On Sept. 11, 2001, al Qaeda terrorists hijacked four airliners in a coordinated attack against the American people. Two of the aircraft were flown into the World Trade Center’s twin towers in New York City. Another was deliberately crashed into the Pentagon in Washington, D.C., and a fourth plane – United Flight 93 – came down in Somerset County, Pennsylvania, in a failed attempt to damage the United States Capitol.
Within hours of the attack, United States and coalition forces were deployed to Afghanistan in a war against terrorism. Now after 20 years, local members of the Veterans of Foreign Wars feel that it is time to start welcoming these troops home.
In recognition to those who served or are serving in the military during the Afghanistan conflict, VFW Keith-Holmes Post 402 will be hosting an honor parade starting 11 a.m. Saturday, Sept. 11, that will run from Thorn Run to Broadway in Coraopolis. Immediately afterwards, a celebration slated to include live music and food trucks will take place near the post home on Mill Street.
All local veterans who have been awarded the Afghanistan Campaign Medal or the Global War on Terrorism Expeditionary Medal are encouraged to attend with family members to be recognized by the post. Those who bring a copy of their DD Form 214 that verifies qualifying military service will be sponsored for membership into the VFW.
"We’re proud to be here to welcome these younger warriors home, and to be able to support them and their families both as veterans and members of the community,” said Michael Blair, Navy veteran and VFW Post 402 commander. "On Sept. 11, we are commemorating their service, recognizing their sacrifice and welcoming them home.”
According to Blair, many benefits are available to veterans through various government agencies to assist them and their families. These can help former warriors adjust more easily to civilian life, as well as get them through difficult times. For example, health care, home and business loans, educational benefits and special employment preference for regional, state and national government jobs are available to qualified veterans. Other veterans may be eligible for aid and attendance benefits, nursing home, hospice, funeral and burial assistance. Additional help can sometimes be obtained directly through both the VFW and grants through its foundation.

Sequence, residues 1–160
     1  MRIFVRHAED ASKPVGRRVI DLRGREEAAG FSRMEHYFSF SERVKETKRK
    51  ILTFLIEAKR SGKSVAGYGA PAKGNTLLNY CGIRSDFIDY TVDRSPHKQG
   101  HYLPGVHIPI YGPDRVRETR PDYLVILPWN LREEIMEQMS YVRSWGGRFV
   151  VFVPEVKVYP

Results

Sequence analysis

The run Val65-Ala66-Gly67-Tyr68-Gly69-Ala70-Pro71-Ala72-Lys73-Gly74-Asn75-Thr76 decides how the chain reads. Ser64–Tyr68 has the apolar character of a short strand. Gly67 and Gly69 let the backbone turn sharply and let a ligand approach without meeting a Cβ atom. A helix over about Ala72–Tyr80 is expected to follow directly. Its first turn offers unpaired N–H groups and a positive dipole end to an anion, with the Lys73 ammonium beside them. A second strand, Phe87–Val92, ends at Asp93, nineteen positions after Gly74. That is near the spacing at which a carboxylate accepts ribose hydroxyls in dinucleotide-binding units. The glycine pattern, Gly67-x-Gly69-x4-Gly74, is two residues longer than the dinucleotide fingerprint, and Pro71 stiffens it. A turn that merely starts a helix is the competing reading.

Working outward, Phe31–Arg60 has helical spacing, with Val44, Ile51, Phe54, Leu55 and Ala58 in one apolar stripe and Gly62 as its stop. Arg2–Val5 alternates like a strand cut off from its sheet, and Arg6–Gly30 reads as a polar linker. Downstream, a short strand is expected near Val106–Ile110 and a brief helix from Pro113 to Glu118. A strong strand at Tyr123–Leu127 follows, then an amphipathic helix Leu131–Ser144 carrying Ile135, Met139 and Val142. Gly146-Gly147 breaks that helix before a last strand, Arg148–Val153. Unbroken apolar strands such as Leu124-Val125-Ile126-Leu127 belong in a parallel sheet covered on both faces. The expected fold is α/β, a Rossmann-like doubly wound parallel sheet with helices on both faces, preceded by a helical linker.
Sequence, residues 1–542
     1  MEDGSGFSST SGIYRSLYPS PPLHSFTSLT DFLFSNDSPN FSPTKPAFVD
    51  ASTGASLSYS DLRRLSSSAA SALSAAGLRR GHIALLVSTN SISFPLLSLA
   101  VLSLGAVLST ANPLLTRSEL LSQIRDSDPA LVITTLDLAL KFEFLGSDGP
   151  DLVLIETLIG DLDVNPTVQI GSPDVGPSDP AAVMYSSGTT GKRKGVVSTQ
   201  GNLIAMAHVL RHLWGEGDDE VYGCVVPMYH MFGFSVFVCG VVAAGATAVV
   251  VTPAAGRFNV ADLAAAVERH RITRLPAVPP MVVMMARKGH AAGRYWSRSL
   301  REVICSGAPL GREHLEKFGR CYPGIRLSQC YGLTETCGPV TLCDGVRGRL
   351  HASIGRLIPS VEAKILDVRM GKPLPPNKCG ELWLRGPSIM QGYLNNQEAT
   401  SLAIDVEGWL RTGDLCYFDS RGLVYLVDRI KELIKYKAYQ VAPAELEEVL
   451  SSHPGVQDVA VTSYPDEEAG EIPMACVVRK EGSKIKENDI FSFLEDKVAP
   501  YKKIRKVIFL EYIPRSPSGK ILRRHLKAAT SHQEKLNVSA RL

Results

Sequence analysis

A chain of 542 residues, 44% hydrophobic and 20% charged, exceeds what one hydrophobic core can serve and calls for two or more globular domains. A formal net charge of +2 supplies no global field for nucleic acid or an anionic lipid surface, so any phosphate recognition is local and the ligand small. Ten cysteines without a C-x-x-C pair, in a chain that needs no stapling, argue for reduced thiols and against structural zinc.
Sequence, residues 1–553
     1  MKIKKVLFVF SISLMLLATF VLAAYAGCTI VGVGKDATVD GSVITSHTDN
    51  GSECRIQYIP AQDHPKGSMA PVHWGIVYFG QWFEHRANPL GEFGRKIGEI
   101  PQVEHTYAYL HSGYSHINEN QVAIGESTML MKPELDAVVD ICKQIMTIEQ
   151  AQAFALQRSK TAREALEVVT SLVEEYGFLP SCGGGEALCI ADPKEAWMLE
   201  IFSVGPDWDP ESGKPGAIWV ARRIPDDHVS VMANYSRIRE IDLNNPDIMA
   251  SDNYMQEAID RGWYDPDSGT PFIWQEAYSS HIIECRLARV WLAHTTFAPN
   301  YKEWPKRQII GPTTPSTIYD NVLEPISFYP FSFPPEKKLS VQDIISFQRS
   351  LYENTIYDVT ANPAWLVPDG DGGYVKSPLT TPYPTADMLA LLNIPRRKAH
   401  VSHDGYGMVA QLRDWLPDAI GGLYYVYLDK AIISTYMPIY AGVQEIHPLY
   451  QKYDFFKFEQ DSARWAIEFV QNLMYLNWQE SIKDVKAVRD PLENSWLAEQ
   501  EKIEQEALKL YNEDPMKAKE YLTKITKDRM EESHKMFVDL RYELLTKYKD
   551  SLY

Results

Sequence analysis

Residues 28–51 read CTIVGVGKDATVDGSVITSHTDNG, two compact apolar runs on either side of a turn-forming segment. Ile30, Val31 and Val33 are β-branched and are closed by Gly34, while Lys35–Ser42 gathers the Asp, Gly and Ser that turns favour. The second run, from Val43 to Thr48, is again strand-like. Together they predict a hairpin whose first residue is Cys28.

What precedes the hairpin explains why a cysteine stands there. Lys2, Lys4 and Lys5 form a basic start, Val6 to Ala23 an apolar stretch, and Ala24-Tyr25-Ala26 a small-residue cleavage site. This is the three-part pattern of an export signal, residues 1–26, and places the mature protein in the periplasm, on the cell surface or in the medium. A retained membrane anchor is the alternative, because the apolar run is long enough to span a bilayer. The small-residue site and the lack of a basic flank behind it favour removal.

Blair said that those in the VFW who attend meetings and are active in their posts are not only able to learn about benefits, but speak with veterans who’ve applied for and have taken advantage of them.
"It all starts when they walk into our door to be welcomed by those who’ve been where they’ve been,” said Blair, a former corpsman with more than a dozen years of military service.
The commander added that magazines, periodicals, podcasts and social media messages produced by the VFW on the state and national levels regularly inform members about the myriad of services and benefits available only to eligible veterans. Former servicemembers in the VFW receive steady, up-to-date information not only about current benefits, but legislative efforts by veterans service organizations to help those in its ranks.
"This is a great organization to be in,” Blair said. "We honor veterans who have sacrificed everything by helping those who’ve made it back.”
Founded in nearby Pittsburgh more than a century ago, the VFW is the largest organization of combat veterans in the United States. For more information about the honor parade and the VFW, contact Commander Blair at: 412-719-3674.
(Michael P. Mauer is the Public Affairs Officer for VFW District 29. He served as an Army photojournalist during Operation Desert Storm, and was awarded the Joint Service Commendation Medal by Gen. H. Norman Schwarzkopf for his actions during the war.)